As discussed in our previous alert on this topic, there are numerous pitfalls inherent in advising clients charged with investing public funds. Consulting for or managing these accounts requires compliance with a complexity of state and local statutes, regulations, and ordinances in addition to the investment policy adopted by the board of the public entity itself. These regulatory schemes provide a plethora of opportunities for misstep and non-compliance that, in some cases, can lead to liability on behalf of the firm. 

For example, a firm working with an entity responsible for the investment of public funds in Colorado could face liability in several scenarios. First, if a firm “sells or causes to be sold” an investment to a public entity not permitted by statute governing permissible investments and “who knew or should have known that said investment was not a lawful investment”, the firm could face liability for “any loss of investment principal resulting from the investment” as well as “any reasonably foreseeable costs resulting from such loss, including attorney fees” plus interest. Similarly, a firm that sells a financial instrument to a public entity that fails to comply with the statute may be compelled to repurchase such instrument for the greater of the original purchase price or the original face value, plus any accrued interest. Simply stated, a firm selling investments to a public entity or assisting a public entity in choosing investments could face liability if the recommended investment does not comply with the Colorado statutes.

In other contexts, liability depends on whether (1) an investment adviser/consultant or investment manager is considered a “fiduciary” under a particular state’s statutory scheme or the investment policy of a particular public entity or (2) exercises discretion over the investment of the public monies. For example, in Illinois, a firm that sells a security to a public entity or engages in a transaction with a public entity that is not permitted by statute could be subject to the penalties set forth in the Illinois Blue Sky law. Moreover, any person that is a fiduciary that breaches any duty imposed by the Illinois statutes is personally liable “to make good any losses resulting from each such breach, and to restore to the fund any profits of such fiduciary which have been made through the use of assets of the fund by the fiduciary, . . . .” So, the particular role a firm accepts in assisting a public entity can determine whether the firm could potentially face liability for any missteps along the way.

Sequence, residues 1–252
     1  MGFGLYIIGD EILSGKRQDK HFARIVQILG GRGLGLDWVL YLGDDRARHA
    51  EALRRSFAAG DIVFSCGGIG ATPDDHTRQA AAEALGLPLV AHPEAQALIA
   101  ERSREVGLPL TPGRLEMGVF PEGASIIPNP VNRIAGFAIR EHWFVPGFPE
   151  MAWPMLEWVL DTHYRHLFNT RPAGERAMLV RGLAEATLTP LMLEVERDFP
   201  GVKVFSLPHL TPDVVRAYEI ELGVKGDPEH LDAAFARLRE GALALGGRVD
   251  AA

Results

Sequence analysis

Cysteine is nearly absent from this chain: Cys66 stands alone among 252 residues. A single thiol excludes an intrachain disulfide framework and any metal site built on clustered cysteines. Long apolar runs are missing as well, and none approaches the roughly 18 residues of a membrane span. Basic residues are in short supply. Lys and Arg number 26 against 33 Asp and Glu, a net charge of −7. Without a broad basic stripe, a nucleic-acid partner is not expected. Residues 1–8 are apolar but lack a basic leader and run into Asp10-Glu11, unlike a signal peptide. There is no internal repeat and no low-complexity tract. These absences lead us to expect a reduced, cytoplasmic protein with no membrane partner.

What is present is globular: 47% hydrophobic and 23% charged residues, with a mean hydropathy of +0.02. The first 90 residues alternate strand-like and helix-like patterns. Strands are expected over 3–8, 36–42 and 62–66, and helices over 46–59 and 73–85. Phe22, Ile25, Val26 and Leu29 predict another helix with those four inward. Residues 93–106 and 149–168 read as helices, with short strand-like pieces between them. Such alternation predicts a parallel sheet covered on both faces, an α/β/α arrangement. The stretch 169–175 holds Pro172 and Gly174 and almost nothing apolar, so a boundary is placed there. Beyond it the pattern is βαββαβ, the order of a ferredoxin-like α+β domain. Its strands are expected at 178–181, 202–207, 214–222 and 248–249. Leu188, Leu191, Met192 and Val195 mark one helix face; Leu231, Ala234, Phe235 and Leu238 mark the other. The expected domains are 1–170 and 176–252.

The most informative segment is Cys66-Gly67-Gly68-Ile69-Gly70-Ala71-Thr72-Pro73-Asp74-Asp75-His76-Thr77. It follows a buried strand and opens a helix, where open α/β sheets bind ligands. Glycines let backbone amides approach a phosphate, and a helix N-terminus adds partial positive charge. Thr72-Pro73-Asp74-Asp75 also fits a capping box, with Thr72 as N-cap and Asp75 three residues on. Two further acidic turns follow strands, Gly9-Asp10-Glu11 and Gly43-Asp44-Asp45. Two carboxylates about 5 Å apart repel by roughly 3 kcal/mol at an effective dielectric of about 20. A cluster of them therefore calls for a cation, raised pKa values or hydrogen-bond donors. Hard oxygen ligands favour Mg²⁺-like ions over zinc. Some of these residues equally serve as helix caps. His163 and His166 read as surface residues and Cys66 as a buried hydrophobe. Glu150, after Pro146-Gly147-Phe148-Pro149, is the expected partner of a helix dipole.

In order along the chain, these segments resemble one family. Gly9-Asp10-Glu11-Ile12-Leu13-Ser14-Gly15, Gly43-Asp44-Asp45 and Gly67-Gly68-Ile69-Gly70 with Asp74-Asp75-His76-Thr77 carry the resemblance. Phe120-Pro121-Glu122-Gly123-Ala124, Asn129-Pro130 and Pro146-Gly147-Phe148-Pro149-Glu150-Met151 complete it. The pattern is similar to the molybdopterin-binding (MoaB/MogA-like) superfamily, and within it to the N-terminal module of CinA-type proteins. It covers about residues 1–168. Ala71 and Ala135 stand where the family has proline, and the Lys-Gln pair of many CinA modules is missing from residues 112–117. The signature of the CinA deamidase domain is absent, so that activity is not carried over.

To avoid a situation in which a firm could face liability for improperly advising a client investing public money, it is crucial for the firm to periodically review the statutes, regulations, ordinances, and policies governing the investment of public money by a particular client. Developing a system of review of these types of accounts can go a long way in avoiding potential liability and loss of client trust on the backend.

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